Photography and Museums of Mutuality: A Metaphor

Elisavet Kalpaxi

    Research output: Contribution to JournalArticlepeer-review


    This paper suggests that photography can provide a useful metaphor to discuss current institutional frameworks for wider cultural/geographical inclusiveness and dialectical schemes in art museums.

    The inclusion of photography in museum art collections has been a slippery ground, throughout modernism. Photography’s operation as a modern technology, a document (of performance, museum items, or realities in the world), and as a creative apparatus able to produce art objects appreciated in their own right, has often resulted to a number of complex propositions. Arguably, it is this complexity that also allowed photographic images to be appreciated for their formal qualities and their function as indexes to artists’ increasing pre-occupation with the social and political spheres.

    Arguably, photography’s presence in art, in the past fifty or more years, was defined by the work of artists that used photography to challenge art institutions and address issues of identity, and also by the increased discursive interest in the social functions of art. Three recent developments illustrating photography’s eventual de-marginalisation in art, the aggressive collection of photography by art museums, the appointment of photography curators, and eventual inclusion of photography exhibitions in art museums such as the National Gallery in London in 2013 (referring to photography meant to be art, but also reportage, advertising) have been perceived as institutional liberalism. However, this integration is also seen to neutralise photography’s inherent tensions. Art as a discourse for the analysis of all photography coincides with the parallel decline of the authority of semiotics, narratology, psychoanalysis and post-Marxist critique in photography theory, a turn symptomatic of the digital age which, as Katrina Sluis and Daniel Rubinstein suggest, ‘can do without the persistent questions about representation that fascinated writers on photography for decade’ (2008). Similarly, current discussions on museums’ wider inclusiveness, can be seen to conceal inherent tensions relating to the origin of the museum and its inherently elitist nature as a site of power.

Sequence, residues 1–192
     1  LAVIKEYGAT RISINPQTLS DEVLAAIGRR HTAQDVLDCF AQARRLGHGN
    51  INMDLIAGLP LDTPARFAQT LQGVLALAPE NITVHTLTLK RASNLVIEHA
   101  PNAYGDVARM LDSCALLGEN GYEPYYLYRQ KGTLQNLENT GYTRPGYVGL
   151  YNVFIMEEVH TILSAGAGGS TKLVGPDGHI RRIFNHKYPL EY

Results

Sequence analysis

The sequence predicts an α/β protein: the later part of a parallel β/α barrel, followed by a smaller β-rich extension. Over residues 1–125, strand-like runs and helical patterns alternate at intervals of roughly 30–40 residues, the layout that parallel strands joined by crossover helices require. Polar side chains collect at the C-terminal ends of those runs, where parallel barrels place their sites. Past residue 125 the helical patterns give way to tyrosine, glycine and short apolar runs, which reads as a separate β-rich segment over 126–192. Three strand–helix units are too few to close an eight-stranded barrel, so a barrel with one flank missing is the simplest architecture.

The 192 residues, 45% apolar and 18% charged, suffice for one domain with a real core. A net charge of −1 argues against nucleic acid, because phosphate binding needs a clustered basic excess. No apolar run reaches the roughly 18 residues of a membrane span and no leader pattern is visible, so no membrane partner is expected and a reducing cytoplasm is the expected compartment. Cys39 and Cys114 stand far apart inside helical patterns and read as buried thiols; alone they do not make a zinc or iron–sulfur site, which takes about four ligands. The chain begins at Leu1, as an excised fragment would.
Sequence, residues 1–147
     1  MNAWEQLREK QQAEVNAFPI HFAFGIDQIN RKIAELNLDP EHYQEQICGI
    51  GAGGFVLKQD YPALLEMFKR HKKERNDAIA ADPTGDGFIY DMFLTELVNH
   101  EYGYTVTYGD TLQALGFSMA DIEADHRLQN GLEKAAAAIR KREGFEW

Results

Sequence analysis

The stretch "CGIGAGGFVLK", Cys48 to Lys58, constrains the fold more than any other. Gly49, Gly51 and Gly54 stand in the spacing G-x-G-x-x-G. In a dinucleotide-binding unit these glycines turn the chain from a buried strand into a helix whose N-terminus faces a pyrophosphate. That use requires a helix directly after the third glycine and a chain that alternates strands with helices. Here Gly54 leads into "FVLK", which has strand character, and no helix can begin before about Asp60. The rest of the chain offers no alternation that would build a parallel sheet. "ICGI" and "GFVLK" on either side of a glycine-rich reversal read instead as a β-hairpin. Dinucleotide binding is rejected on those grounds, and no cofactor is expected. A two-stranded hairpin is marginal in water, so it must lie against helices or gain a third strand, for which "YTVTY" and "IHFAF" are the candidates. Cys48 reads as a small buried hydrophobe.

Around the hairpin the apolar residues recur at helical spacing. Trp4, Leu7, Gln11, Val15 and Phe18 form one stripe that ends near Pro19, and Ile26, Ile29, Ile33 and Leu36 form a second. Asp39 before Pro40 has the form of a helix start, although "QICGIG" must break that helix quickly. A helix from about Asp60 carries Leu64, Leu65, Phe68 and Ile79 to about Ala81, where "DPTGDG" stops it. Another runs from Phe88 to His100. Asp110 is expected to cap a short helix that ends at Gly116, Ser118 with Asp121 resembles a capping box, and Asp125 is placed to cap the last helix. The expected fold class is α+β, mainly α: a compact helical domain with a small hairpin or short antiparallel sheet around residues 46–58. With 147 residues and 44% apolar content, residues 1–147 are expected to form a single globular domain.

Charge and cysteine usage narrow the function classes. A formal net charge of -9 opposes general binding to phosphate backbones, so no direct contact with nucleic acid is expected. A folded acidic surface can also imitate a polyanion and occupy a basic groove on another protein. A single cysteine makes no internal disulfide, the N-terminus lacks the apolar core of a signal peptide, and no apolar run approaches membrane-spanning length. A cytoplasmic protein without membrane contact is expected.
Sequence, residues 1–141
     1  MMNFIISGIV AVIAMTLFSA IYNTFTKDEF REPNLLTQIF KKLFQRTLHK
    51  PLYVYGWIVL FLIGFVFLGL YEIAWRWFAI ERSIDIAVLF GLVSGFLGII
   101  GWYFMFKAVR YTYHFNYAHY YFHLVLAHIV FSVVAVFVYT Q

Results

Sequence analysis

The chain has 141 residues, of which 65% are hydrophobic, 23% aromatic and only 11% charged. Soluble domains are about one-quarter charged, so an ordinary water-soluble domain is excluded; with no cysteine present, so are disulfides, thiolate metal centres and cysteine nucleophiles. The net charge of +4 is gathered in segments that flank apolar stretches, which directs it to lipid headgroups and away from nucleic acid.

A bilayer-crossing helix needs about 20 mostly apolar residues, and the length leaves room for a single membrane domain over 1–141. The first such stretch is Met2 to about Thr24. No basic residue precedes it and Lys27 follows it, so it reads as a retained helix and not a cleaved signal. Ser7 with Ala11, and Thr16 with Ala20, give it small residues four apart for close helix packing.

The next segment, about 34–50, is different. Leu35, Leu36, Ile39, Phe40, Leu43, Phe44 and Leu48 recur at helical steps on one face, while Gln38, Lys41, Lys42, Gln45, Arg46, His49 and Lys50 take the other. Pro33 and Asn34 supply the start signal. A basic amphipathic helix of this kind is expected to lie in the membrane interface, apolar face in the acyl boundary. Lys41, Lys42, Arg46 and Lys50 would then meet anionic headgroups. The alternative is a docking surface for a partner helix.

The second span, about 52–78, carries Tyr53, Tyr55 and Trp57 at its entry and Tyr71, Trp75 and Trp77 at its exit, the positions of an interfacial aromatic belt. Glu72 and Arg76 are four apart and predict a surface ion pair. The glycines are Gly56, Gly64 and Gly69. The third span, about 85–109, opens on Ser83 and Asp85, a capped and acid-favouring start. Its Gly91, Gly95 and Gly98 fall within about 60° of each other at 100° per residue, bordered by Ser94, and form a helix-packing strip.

Through examples starting from Walter Benjamin’s ideas on the impact of photography on art institutions, this paper intends to explore curatorial strategies and concerns as being intrinsically linked to digital technologies and networked cultures, and suggests that current trends seem to illustrate a tension between embodied subjectivities, globalising and de-centring forces in late/advanced capitalism.
    Original languageEnglish
    Pages (from-to)1-19
    Number of pages19
    JournalStedelijk Studies
    Issue number8
    Publication statusPublished - 18 Jun 2019


    • Photography, museums, mutuality, global, public agency, inclusion, documents, Benjamin, Malraux, identity politics


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